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  • Photo contributed by Kathleen Matsuda Hawaii’s team of Kauai’s Charlie Matsuda, along with Oahu’s Dale Radomski and Norimitsu Wada-Goode, is competing in the 46th International Snow Sculpture Contest, part of the 70th Sapporo Snow Festival in Japan.

  • Photo contributed by Kathleen Matsuda

    Hawaii’s team of Kauai’s Charlie Matsuda, along with Oahu’s Dale Radomski and Norimitsu Wada-Goode, is competing in the 46th International Snow Sculpture Contest, part of the 70th Sapporo Snow Festival in Japan.

“As we ride a nice wave into a peaceful sunny day, we don’t see what danger may be just on the side or below us that the day may bring. So just do the right things in life and it will all be OK …”

And with that, you have the theme for team Hawaii in the 46th International Snow Sculpture Contest, part of the 70th Sapporo Snow Festival.

That team includes Kauai’s Charlie Matsuda, along with Oahu’s Dale Radomski and Norimitsu Wada-Goode.

“Every year we go there, we’re hoping, we want to bring back first place,” Matsuda said in an interview with The Garden Island shortly before leaving for the competition in Japan that began Sunday, wraps up Wednesday, with the winners named Thursday.

Eight three-person teams from China, Korea, Finland, Thailand, Singapore, Poland, Indonesia and Macao, China, are also participating in the contest.

Charlie’s wife, Kathleen Matsuda, reported in Sunday from International Square in Sapporo.

“The weather today is a very cold 20 degrees with continuous snow,” she wrote.

The chilly conditions are no sweat for her husband and friends, who have competed in this festival for more than a decade, with a third-place finish to their credit in 2017 and a fourth in 2016.

Their experience, camaraderie and artistry are their strengths. Matsuda is quick to credit his teammates — “these guys are incredible artists” — for doing well at the invitation-only event.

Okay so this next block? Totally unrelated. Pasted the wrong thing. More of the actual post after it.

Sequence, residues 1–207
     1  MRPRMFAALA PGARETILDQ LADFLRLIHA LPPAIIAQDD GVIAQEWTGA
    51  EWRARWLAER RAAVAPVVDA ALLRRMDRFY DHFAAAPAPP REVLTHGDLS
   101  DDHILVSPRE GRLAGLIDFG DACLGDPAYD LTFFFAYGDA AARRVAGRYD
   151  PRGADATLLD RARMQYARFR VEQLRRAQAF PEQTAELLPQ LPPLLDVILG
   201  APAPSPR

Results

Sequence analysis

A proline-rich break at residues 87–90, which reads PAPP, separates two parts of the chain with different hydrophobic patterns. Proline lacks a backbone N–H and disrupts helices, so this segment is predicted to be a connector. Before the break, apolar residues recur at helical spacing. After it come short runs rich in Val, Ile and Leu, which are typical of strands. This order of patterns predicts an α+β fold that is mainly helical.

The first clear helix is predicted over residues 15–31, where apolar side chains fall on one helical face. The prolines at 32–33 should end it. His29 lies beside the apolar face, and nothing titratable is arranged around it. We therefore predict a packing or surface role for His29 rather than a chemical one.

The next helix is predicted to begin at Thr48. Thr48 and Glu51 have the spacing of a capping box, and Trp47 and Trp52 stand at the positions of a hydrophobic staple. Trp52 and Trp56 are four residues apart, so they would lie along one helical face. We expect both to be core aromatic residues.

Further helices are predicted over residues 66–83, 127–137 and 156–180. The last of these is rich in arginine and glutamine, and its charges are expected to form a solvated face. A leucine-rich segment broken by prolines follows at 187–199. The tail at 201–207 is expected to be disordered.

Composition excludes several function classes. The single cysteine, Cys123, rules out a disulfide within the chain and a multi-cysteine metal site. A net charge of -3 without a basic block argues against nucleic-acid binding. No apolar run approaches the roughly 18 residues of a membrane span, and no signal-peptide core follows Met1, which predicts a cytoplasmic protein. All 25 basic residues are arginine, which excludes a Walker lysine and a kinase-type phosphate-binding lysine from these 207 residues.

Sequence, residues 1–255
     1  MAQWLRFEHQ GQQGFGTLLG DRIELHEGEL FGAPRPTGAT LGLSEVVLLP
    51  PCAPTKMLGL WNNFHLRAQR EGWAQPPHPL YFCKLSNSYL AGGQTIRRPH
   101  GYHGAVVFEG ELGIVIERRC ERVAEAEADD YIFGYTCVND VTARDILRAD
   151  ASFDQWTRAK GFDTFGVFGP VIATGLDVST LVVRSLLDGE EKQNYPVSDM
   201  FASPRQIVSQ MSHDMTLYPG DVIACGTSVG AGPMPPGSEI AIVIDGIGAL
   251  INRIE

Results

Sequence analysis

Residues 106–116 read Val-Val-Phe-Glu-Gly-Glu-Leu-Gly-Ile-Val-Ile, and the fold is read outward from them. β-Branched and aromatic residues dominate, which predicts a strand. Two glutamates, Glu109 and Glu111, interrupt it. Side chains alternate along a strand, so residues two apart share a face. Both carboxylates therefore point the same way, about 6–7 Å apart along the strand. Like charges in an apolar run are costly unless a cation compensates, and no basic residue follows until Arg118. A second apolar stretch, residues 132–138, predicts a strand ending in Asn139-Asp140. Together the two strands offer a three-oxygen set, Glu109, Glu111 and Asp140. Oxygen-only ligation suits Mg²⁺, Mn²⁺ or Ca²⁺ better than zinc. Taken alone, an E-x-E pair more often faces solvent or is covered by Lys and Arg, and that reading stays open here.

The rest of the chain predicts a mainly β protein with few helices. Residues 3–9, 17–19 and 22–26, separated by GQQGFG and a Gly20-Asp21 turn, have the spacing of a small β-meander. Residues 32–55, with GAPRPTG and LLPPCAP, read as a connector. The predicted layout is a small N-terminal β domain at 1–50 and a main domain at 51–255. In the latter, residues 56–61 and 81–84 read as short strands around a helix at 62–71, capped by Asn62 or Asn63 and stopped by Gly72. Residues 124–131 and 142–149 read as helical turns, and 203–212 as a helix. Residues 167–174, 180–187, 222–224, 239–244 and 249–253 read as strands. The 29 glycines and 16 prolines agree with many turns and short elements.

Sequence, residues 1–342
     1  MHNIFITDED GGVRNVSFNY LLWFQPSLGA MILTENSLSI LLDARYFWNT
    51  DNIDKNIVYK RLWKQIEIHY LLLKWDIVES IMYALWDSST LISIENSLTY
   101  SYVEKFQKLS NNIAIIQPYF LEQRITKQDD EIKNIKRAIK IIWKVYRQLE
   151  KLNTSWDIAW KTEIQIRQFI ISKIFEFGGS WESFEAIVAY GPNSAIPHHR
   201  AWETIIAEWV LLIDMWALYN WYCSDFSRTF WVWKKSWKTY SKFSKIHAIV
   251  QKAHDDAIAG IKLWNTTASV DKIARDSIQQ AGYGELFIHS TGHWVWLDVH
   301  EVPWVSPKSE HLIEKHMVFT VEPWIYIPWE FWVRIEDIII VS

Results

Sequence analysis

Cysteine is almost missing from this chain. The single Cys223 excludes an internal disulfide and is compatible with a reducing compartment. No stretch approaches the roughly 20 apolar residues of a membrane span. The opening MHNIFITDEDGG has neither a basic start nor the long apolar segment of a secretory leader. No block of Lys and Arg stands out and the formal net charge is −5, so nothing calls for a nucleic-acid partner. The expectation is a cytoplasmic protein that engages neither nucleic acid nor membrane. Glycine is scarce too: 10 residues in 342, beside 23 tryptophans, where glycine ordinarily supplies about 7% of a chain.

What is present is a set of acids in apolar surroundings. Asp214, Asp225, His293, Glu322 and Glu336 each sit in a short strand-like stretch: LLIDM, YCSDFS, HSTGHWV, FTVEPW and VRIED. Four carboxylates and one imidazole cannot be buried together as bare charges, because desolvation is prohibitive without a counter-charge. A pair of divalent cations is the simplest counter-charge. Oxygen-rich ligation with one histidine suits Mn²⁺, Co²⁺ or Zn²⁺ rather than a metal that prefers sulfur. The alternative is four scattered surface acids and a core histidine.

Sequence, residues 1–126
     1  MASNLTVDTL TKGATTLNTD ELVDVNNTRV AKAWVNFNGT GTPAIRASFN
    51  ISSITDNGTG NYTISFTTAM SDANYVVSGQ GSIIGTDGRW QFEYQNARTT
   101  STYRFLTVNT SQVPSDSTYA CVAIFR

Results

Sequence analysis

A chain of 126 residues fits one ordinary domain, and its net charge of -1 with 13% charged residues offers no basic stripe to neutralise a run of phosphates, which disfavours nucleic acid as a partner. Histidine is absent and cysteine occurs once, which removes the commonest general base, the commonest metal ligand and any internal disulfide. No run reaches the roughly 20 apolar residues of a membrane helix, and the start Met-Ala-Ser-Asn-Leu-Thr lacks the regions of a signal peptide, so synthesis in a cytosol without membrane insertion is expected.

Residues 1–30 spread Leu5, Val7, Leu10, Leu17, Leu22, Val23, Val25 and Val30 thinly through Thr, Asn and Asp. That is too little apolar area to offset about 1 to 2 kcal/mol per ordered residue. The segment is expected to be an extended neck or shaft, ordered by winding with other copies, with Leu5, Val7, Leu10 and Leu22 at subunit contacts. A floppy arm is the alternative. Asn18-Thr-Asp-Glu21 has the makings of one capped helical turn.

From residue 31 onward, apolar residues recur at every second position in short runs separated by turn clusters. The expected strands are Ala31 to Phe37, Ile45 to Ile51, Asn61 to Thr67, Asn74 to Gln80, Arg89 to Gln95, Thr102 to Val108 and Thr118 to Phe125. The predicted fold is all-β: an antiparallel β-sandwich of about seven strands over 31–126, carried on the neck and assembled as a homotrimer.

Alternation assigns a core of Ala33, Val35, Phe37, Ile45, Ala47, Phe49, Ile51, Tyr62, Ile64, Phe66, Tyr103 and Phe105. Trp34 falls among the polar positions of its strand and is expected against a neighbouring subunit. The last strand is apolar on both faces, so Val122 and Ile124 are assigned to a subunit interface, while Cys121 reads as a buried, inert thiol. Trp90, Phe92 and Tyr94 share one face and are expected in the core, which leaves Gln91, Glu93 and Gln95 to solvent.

“It’s like a brotherhood between us,” he said.

An estimated two million people and swarms of media attend the Sapporo Snow Festival and nearly every one of them makes their way to the snow sculpture contest.

Team Hawaii does more than carve sculptures from snow during their stay in Japan. They feel they have a responsibility to represent their state and share the love.

“We give back the aloha,” said Matsuda, who is a professional cook when he’s not using saws, chisels and sand paper to turn frozen blocks of snow into surfers, waves, hula dancers, canoes, sharks and turtles.

To do it at such a level is beyond a hobby. It’s demanding, which goes with being among the best.

“It’s really physical,” he said.

Being from Hawaii, Matsuda and friends are at a disadvantage going against teams from places like Poland, where it snows. They don’t get to actually practice on giant snow blocks.

But they have their ways to woo and win judges and fans.

“We always talk about it,” Matsuda said. “We know what to expect. I call Dale all the time and we’re always collaborating.”

While the competition is fierce, teams respect each other. Cultures collide over sculptures and come together over smiles at the same time.

“We’ve established a lot of friendships,” Matsuda said.

The Hawaii team created this year’s design well in advance of the contest. It shows a surfer riding a wave, the sun behind him, a sail in the distance, and two sharks below.

“There is danger below,” Matsuda said. “We can’t see what’s there, but we all love the ocean every day.”

“We all feel good about this piece,” he added.

It’s carved out of block of frozen snow that’s about 10 by 10 by a little more than 20 feet tall.

Once they start, they move slowly, methodically. Carve, step back, study, saw here and there, chisel, smooth over, then do it again. And again. And again.

Keep it clean, keep it simple, keep the lines pure. After all these years, they know what they judges like, and don’t like. Don’t get too caught up in details.

“We trust each other, know how much to take out,” Matsuda said. “Having that vision is what makes the whole team click all together.”

They’ll spend four days, about 12 hours a day, on their task. Breaks for food and hot tea are kept to a minimum.

Enduring the cold, working from ladders and scaffolding, the men are a unit. No power tools, hand tools only. Each saw is sharpened to a fine edge. They pay close attention. One small error, one tiny miscue, can undo days of painstaking precision.

You get the idea. There is no margin for error.

“We all share that responsibility. We can’t make a mistake,” Matsuda said.

Being invited to the contest and being part of Hawaii’s team, he said, is a dream come true, one for which he is grateful.

He gave a shout out to some main sponsors, Hawaiian Airlines, Kauai Kookie and Kauai Coffee, for getting them to Sapporo’s winter festival where they pursue their passion.

“I’m blown away every year. It is a spectacular thing,” he said. “Being on the team all these years, going there, it’s amazing.”

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